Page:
(ORDO NEWS) — The Nazca Desert in Peru is like an art gallery, for those who can contemplate from above. However, even after decades of observing from the sky, we have barely explored a small part of this disappearing collection of giants among the rocks.
Last year, a Peruvian archaeologist told The Guardian that he thinks scientists have found only 5 percent of all Nazca lines in the desert.
Researchers at Yamagata University in Japan are currently working with local archaeologists to fix this, and their latest find of ancient lines almost doubles the number of drawings already known. It is reported by Science Alert.
Drone surveys and aerial photographs in southern Peru have now identified 168 new geoglyphs. Approximately 50 of them depict humanoid figures.
One of the humanoid illustrations even appears to have some Homer Simpson-style facial hair.
Some other designs etched into the landscape show birds, killer whales, cats, and snakes. Some of them are simple lines or trapezoidal patterns.
It is difficult to say when the drawings were made, but clay pots found near the lines date back to between 100 BC and 100 BC. and 300 AD
Many ancient drawings are “scribbled” on flat terrain, making them difficult to see from nearby vantage points.
Because the lines were created by removing rocks and debris to reveal the soil of contrasting color underneath, erosion only added to the difficulty in finding them.
The drones have allowed experts to see the Nazca lines with greater clarity than ever before.
The information they collect is analyzed by artificial intelligence (AI) capable of recognizing various patterns faster and more reliably than the human eye. In 2019, AI actually discovered a new drawing of the Nazca line.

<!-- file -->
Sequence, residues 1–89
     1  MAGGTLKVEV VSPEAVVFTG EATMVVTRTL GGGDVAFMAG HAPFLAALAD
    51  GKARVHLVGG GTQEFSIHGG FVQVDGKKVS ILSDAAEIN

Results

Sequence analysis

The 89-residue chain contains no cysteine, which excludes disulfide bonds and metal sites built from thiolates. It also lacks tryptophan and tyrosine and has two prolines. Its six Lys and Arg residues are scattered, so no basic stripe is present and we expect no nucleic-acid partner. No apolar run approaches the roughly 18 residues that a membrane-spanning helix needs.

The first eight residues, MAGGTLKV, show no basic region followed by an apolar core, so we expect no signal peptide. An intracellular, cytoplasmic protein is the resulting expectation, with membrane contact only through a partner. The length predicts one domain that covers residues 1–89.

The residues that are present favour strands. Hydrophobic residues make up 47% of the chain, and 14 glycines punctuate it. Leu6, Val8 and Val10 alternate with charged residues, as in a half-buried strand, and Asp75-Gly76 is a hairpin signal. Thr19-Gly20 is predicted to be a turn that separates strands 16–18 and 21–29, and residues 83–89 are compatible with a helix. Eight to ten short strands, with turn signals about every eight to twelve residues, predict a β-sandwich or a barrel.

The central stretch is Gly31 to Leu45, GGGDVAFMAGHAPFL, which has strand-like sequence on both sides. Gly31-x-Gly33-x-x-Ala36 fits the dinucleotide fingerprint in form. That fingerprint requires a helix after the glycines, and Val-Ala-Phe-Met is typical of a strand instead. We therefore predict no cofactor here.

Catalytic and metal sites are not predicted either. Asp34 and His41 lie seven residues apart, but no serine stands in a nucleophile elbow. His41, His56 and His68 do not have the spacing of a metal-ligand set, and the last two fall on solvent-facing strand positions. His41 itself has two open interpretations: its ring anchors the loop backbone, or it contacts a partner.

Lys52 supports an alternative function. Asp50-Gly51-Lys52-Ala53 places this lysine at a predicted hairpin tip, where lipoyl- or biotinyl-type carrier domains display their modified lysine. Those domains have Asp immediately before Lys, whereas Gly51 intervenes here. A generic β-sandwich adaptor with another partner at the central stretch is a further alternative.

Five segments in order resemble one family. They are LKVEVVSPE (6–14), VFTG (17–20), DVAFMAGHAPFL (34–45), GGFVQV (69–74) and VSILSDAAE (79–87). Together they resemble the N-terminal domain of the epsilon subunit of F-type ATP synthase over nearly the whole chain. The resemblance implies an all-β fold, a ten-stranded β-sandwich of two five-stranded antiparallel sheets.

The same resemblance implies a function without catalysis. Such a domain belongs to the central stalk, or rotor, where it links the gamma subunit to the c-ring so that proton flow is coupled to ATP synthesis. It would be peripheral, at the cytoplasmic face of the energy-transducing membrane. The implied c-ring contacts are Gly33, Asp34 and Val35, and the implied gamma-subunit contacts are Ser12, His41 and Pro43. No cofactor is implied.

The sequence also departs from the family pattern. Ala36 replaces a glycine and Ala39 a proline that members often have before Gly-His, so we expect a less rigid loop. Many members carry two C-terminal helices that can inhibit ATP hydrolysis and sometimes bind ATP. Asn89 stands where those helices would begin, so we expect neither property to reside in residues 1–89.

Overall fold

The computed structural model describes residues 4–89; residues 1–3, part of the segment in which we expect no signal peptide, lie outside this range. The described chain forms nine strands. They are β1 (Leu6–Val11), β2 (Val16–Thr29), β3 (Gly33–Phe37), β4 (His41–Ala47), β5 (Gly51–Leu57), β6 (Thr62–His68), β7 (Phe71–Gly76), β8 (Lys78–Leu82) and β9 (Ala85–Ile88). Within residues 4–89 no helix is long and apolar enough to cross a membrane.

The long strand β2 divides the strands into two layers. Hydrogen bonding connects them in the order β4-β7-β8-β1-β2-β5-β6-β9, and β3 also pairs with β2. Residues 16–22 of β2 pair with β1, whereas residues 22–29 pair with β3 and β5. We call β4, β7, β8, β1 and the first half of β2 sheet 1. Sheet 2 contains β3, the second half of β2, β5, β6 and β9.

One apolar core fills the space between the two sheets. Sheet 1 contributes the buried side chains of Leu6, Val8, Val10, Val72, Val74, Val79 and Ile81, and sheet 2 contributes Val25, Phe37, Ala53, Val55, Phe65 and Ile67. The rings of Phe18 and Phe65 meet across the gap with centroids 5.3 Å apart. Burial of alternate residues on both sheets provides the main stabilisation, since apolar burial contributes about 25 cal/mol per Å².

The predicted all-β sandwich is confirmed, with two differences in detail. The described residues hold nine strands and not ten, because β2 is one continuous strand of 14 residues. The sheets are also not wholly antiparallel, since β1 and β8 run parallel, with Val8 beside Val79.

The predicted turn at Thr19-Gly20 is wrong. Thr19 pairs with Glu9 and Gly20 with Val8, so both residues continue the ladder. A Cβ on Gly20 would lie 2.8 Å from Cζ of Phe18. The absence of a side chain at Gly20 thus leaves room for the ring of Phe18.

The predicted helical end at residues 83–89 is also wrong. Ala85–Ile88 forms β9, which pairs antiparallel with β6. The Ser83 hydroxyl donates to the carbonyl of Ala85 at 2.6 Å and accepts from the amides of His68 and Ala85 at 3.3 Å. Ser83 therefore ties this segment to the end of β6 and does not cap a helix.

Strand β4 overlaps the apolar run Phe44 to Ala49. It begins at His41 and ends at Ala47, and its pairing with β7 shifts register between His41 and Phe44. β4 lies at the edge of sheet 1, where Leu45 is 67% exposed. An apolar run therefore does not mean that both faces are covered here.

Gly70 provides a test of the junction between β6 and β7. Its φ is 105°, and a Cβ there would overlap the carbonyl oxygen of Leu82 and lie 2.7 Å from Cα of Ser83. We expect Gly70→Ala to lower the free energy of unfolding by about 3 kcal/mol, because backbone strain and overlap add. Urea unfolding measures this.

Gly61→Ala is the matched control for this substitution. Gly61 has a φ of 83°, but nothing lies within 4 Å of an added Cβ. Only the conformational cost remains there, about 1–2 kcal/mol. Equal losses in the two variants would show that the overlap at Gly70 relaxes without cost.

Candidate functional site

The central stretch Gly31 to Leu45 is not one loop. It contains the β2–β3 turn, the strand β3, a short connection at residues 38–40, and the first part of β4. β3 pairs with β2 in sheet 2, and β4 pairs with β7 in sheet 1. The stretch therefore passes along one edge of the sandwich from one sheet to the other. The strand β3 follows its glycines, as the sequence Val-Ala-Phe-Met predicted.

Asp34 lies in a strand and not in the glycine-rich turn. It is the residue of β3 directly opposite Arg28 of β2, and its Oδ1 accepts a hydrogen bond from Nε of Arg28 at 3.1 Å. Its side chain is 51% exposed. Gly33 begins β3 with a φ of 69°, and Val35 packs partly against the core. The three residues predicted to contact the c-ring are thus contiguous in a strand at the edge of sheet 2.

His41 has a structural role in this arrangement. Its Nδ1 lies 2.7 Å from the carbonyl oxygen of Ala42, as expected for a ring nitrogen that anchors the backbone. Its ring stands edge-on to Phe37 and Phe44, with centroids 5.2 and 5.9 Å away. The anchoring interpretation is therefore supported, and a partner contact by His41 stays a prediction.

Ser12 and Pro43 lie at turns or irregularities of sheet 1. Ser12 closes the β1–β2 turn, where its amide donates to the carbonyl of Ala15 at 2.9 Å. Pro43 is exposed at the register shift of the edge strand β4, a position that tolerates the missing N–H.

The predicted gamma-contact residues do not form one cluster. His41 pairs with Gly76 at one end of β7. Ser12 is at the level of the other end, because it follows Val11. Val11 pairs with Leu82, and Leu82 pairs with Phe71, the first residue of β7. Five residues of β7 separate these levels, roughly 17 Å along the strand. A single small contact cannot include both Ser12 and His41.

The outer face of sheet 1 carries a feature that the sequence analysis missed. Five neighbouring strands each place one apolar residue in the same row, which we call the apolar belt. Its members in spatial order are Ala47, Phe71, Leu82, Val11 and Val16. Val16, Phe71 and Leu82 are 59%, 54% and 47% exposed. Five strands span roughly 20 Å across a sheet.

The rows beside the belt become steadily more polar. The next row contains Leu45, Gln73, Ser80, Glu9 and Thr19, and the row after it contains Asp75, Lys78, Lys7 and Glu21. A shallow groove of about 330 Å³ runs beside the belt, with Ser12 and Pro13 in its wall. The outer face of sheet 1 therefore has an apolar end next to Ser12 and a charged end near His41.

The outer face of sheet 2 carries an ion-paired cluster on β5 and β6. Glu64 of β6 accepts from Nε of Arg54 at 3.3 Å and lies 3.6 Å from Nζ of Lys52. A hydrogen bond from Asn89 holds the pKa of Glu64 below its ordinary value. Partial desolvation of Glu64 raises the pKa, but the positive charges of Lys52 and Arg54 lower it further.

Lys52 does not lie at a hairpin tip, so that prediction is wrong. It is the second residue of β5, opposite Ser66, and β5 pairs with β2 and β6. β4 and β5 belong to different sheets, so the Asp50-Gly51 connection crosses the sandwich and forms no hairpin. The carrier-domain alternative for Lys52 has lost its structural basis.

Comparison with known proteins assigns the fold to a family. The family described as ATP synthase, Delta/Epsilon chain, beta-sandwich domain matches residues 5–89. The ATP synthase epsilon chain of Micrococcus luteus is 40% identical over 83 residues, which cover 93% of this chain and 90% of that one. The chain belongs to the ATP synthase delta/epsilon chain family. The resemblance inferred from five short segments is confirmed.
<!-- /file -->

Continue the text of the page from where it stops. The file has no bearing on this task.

The Nazca geoglyphs are one of history’s most intriguing mysteries, and even if archaeologists find more, it likely won’t get us any closer to understanding their purpose.
For some inexplicable reason, between 500 B.C. and 500 AD Societies in southern Peru have built simple lines, shapes and figures across the landscape, many of which can only be seen in their entirety from above.
The lines have been interpreted in different ways over the decades, but the most common explanation is that they were meant for heavenly gods who looked down on people.
According to another theory, these figures and patterns were drawn for ritualistic astronomical purposes and must somehow reflect the stars.
In 1994, when part of the Nazca Desert was declared a World Heritage Site, only about 30 “geoglyphs” were found, and they were mostly depictions of plants and animals.
As it turns out, this was just the tip of the iceberg. By 2019, archaeologists had discovered a total of about 200 geoglyphs, some of which depicted humanoid figures.
Thanks to the latest drawings discovered by researchers at Yamagata University, the official number of known Nazca lines now stands at 358.
In all likelihood, there are many more ancient works of art hiding in the desert, and scientists from Yamagata have set themselves the task of counting as many of these mysterious drawings as possible.
Contact us: [email protected]